It’s not that there aren’t enough of these interesting characters out there; the street corners and blog comment threads are full of these whackadoodles.  What I find most disturbing is that these people decided to run for elected office in their state, got people to campaign for them, and actually won.  What does that tell you?

Tuesday, October 16, 2012

Annals of Self-Loathing


Janis Lane is the president of the Central Mississippi Tea Party, and she believes that women should not be allowed to vote because they are diabolical and emotional.

“Our country might have been better off if it was still just men voting. There is nothing worse than a bunch of mean, hateful women. They are diabolical in how than can skewer a person. I don’t see that in men,” said Lane during an interview with the Jackson Free Press.

I don’t think Ms. Lane knows a whole lot of men.

Tuesday, September 11, 2012

Seal Team Six Leader Romney

How about this for low-information voters:

According to a Public Policy Polls survey of Ohio voters, 38% of Ohio Republicans say Barack Obama is most responsible for the bin Laden’s death, 15% say Romney, and 47% were unsure. The results were similar in North Carolina, where 29% of Republicans said Obama deserves more credit, versus 15% Romney and 56% unsure.


Monday, September 19, 2011

Consider the Alternative

Bill Keller in yesterday’s New York Times on how the Republicans and President Obama’s ambivalence have left us with some blank spaces.

I can stand a little ambivalence in our leaders, particularly compared with the blinkered certitude of the previous administration. But in politics there are few greater liabilities than a perceived lack of definition.

Against Obama we have a cast of Republicans who talk about the federal government with a contempt that must have Madison and Hamilton spinning in their coffins. The G.O.P. campaign sounds like a contest for the Barry Goldwater Chair in States’ Rights: neuter the Fed; abolish the Environmental Protection Agency, the Department of Education and a few other departments; turn Medicare and Social Security into individual 401(k) programs; dismantle national health care and revoke consumer protections. Rick Perry, who likes to rouse Texans by claiming the right to secede from the union, sometimes sounds as if he has expanded his view to encompass the secession of all 50 states. Even Mitt Romney — at heart a Republican technocrat (and the only candidate I’ve ever seen give a campaign speech with PowerPoint) — talks as if the main role of the president is to grant waivers from any kind of mandate upon the states. Such is the power of our new, centrifugal populism.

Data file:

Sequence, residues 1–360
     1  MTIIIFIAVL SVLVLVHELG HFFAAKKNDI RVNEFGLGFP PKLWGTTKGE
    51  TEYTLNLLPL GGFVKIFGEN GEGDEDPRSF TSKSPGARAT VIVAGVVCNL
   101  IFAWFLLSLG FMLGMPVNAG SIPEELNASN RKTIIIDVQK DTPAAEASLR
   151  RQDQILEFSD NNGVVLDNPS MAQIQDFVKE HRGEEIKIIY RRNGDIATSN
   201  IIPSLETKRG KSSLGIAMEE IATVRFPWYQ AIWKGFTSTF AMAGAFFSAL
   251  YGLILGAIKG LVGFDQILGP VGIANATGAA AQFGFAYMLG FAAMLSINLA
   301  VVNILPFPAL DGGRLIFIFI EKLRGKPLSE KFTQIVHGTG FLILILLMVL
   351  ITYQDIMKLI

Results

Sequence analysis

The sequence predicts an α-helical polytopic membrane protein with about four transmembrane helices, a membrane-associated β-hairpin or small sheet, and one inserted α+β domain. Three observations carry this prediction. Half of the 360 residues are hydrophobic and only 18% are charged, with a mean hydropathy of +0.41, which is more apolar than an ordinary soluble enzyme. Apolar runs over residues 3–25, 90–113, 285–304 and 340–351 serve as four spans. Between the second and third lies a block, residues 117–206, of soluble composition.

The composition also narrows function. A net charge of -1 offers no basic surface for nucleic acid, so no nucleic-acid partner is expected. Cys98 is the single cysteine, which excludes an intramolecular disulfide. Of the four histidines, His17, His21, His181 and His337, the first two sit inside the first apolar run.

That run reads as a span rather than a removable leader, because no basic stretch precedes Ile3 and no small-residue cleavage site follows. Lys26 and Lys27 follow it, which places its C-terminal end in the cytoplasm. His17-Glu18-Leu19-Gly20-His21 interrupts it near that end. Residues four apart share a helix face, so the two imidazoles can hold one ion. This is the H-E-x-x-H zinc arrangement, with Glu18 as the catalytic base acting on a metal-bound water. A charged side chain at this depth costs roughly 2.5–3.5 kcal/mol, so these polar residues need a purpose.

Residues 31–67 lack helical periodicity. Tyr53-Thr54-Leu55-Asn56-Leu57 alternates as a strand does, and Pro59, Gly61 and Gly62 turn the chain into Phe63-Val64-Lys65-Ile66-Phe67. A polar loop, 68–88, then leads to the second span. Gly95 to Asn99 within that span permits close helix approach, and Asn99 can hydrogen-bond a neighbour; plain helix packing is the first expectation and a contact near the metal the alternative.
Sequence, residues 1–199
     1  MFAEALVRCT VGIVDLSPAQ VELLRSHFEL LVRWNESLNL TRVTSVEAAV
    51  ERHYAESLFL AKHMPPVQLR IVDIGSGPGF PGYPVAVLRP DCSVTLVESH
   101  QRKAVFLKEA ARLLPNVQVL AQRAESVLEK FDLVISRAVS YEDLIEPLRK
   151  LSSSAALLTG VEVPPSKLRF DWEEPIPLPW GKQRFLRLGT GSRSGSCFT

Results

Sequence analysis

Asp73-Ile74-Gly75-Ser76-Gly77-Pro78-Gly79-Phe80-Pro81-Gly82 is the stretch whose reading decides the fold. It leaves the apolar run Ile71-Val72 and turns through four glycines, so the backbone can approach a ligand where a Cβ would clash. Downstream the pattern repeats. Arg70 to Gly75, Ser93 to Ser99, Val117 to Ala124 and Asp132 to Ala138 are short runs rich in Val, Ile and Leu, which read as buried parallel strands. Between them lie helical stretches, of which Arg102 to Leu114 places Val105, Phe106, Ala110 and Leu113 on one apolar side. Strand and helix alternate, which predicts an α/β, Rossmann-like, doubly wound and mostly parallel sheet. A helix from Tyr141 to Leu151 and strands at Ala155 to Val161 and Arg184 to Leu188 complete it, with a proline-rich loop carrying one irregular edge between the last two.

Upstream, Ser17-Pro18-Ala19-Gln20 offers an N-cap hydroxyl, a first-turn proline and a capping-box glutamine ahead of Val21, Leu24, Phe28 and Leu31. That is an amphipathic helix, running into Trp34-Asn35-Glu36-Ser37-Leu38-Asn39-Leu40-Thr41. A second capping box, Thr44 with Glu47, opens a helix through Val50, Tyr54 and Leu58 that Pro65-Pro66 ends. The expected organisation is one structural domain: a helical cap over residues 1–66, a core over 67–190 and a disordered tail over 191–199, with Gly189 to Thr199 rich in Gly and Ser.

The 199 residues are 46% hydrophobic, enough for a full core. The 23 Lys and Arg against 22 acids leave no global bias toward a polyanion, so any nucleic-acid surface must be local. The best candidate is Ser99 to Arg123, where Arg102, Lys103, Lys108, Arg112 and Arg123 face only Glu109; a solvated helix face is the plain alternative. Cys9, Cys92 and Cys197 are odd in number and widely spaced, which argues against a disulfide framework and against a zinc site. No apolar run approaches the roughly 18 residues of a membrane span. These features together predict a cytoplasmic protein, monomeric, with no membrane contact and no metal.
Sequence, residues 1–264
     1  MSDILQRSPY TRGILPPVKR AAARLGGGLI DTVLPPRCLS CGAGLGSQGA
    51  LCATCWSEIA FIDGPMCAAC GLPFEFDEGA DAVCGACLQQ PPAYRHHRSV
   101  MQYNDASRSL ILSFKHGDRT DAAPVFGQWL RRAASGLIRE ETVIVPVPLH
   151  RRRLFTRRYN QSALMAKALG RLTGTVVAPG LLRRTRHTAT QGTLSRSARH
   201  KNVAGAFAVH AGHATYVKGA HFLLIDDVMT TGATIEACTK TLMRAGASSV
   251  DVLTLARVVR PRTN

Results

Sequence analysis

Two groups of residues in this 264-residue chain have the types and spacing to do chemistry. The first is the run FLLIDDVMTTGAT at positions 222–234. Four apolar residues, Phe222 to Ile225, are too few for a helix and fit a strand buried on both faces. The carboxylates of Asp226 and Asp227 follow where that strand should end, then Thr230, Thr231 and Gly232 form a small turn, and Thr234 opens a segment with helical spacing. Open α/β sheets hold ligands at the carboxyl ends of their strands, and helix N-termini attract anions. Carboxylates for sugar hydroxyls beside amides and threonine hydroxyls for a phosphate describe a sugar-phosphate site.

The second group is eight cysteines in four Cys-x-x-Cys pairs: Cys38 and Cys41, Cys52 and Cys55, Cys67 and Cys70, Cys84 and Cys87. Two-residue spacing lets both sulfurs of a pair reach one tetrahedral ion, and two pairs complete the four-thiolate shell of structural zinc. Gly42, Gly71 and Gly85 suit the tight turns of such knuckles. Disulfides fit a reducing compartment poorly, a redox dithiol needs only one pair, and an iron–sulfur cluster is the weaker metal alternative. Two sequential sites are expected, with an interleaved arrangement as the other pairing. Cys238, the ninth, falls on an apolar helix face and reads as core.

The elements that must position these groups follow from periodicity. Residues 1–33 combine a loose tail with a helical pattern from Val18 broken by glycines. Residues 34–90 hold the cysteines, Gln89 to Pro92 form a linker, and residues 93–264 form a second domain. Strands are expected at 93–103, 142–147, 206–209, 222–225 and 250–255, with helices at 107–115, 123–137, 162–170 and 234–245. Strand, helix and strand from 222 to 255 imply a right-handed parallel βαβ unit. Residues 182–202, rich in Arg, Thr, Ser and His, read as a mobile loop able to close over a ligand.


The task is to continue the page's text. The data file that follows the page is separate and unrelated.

Do they really believe this, or are they just playing to the Ron Paul libertarian niche? Do you really want to find out?

So let’s get real. Yes, Obama could do better. But we could do a lot worse.

There’s another element to this, and that’s the suicidal efforts of a lot of voters to elect someone who is clearly working against their own interests for the purposes of “sending a message.” This came up last week in the special election in New York to fill the seat vacated by Anthony Weiner. People who claimed they were life-long Democrats voted for the the Republican right-winger to tell President Obama they weren’t happy with the economy. That’s like someone shooting themselves in the foot to protest the lousy way their health insurance system works.

The mind, it doth boggle.

Thursday, September 15, 2011

Gaming the System

There’s talk in Pennsylvania about changing the way the state counts electoral votes in the presidential election, going from a winner-take-all, which is the way 48 states do it, to a proportional vote based on the outcome by congressional district.

Under the Republican plan, if the GOP presidential nominee carries the GOP-leaning districts but Obama carries the state, the GOP nominee would get 12 electoral votes out of Pennsylvania, but Obama would only get eight—six for winning the blue districts, and two (representing the state’s two senators) for carrying the state. This would have an effect equivalent to flipping a small winner-take-all state—say, Nevada, which has six electoral votes—from blue to red. And Republicans wouldn’t even have to do any extra campaigning or spend any extra advertising dollars to do it.

The Constitution allows states to set up their elections and the choosing of their electors any way they want, so there’s nothing a political party — i.e. the Democrats — can do to stop it. And since Republicans control most of the state legislatures, there’s nothing to stop any state from doing something like this.

Rachel Maddow explains.

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This, along with coming up with draconian rules for voter registration and photo ID requirements that are clearly aimed at people who tend to vote for Democrats, makes me wonder why it is that Republicans feel as if they have to cheat to win. After all, aren’t they always telling us that the majority of Americans are behind them 100%?

HT to Booman.

Monday, April 25, 2011

These People Vote

Via Pam Spaulding and SFDB, here is a video of South Carolina Republicans speaking their mind at a rally. Dave Weigel at Slate sums it up:

South Carolina Democratic consultant named Tyler Jones took a camera down to the Columbia, S.C. Tea Party rally that Michele Bachmann and Nikki Haley both spoke at.

“I interviewed around 25 people total and probably 75 percent of them said they were supporting Donald Trump,” says Jones, “and just about every single person is a birther. I took two hours of footage and chopped it down to six minutes of mind-blowing stuff.”

My favorite: the person who says the U.S. spends too much money on education.